In our digital, high-tech world today, just about any chimp with a
relatively inexpensive camera has the ability to go out and ape a tale in
the vein of directing idols like Tarantino, Scorsese or, hell, Chris
Columbus. And thank God most of these efforts are never seen by the
majority of a viewing public. But 3 decades ago, one actually had to get
bit of funding to nab a star like James Mason or Jean Seberg. Quite a lot
of moolah was needed up front to gather a competent crew and pay for
locales. So somebody please tell me what possessed "Superman"-producer
Alexander Salkind to fund one dime on this absolutely incompetent,
Since the story centers around the drug trade, one can only assume a lot of this substance crept up at the craft service table. How else can you explain the incoherent directing and Grade Z acting of this international production? In a nutshell, James Mason is a head hitman honcho for a global drug crime fighting unit, headed by the lumbering piece of granite known as actor Curd Jurgens. Mason methodically has shot down some of the world's leading drug kingpins for the safety of us all. Jean Seberg, acting like Ann Heche on a bad day outside Fresno, plays his bored wife who darts off to Pakistan and falls into the arms of the lumbering piece of petrified wood known as actor Stephen Boyd. Boyd is a renegade hitman, having severed his ties with the do-gooder crime unit, and is on a mission to route out a double agent within the organization. Based on this simple description alone, if you haven't figured out who the double agent is going to be, perhaps this movie's 110 minutes will keep you in suspense.
Director Romain Gary's pathetic work on this film renders it not only a bad movie, but unfortunately, one that does not improve with "Mystery Science Theater"-like derisive commentary as you sit and watch it. (I don't know, maybe MST has already tackled a version of this flick). The editing is so needlessly choppy, perhaps Salkind only gave Gary unexposed trims of five seconds to film this lackluster narrative. Supposedly shot in Spain, Tunisia, and Afghanistan, we never really know where the hell we are, because an establishing shot is rare, and relativity of any locale to the plot is even rarer. It just looks like the same dusty trail road being used over and over, and a backroom at a Spanish studio being redressed to look like a hotel suite, a safehouse, etc.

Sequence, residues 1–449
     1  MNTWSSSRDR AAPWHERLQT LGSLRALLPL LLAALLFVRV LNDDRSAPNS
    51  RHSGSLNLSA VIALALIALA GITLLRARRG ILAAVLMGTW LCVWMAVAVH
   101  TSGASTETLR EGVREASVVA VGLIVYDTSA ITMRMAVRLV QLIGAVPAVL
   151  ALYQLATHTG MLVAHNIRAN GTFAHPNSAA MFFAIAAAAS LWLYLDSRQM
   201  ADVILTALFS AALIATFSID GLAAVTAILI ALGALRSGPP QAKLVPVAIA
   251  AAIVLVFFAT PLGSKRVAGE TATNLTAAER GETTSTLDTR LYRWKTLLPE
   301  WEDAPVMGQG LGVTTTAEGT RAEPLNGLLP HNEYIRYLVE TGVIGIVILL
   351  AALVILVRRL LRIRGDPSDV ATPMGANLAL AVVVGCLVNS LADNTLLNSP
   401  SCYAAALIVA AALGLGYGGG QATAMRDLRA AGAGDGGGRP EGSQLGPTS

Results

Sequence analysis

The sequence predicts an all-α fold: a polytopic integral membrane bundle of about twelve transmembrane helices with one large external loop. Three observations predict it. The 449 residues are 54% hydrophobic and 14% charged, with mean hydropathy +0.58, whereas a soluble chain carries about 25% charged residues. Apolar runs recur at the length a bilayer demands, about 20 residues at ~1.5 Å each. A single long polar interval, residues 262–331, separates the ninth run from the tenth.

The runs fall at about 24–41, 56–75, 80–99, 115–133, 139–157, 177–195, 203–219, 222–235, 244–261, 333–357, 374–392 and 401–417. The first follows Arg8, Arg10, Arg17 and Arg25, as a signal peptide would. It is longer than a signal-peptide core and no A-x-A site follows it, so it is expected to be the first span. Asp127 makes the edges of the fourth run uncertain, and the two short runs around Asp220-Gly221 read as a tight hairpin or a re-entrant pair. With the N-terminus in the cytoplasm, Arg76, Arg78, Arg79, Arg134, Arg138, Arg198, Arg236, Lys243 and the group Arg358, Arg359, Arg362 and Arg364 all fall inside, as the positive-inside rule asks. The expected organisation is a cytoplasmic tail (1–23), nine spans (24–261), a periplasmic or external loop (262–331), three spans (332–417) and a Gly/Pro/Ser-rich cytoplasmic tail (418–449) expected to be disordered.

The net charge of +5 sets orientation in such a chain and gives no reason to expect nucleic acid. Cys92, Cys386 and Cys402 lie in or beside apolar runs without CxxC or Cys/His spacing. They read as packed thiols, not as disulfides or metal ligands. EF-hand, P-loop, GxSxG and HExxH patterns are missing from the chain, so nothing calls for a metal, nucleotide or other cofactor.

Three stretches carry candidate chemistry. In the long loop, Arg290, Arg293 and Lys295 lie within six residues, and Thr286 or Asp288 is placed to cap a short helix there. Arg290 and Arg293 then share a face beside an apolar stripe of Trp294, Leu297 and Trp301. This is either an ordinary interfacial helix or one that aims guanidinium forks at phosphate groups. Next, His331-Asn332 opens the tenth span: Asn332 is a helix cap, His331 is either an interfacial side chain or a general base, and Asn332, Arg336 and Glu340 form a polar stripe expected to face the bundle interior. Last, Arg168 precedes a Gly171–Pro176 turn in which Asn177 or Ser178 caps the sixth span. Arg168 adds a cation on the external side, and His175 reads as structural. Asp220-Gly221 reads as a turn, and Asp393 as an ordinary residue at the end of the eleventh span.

The acting is downright sad. When Stephen Boyd first encounters Seberg, he interrogates her by simply spinning her around and around under some low-level gel lights, causing her to get...a little dizzy? Gary has the actors scream at each other, directly into the lens, and the glazed, wide-eyed hamming they do at the camera makes you want to jump out of the chair and go slap their agent, or their manager, somebody! Boyd, in particular, appears so depressed to be in this car crash of a film. Unshaven and wearing an all-leather outfit, he morosely behaves like Jim Morrison hanging over the balcony on Sunset Boulevard after dropping some bad peyote. On the flipside, James Mason doesn't say much in his early scenes, and I started to think, "thankfully he had the smarts to know to cut his own lines so he won't come off as horrendously as the others." But, oh, no, Jimmy starts barking the dismal dialogue about 20 minutes in, and one only hopes he had a decent guest house on location in Kabul or wherever the hell he was dragged to, to compensate for how bad he comes off in the film.
I cannot effectively describe the ineptitude and lack of talent displayed in this movie. My jaw literally dropped open in stupefaction several times. The only person that comes away from this compost heap of celluloid somewhat unscathed is ace stunt driver Remy Juliene who does what little he can to enliven the halfway mark with a typical (but needless, plotwise) car chase across the Afghani wasteland. The movie's finale reaches a pinnacle of laughability and dumbstruck awe when several individuals engage in a shootout. The whole thing is staged like Monty Python's hilarious tennis bloodbath sketch lampooning Sam Peckinpah films. And a fantasy sequence showing an ascension to heaven and hell has got to be seen to be believed. Conceived by technical advisor "Frank Fantasia", I simply slipped off the sofa convulsing with laughter, along with a sense of horror realizing people actually sat in a screening room somewhere and said, "Oh yeah, Frank, that sums it up. That's great!"
Even a one star rating would not convey how awful this movie is, so my rating: 0 out of ****.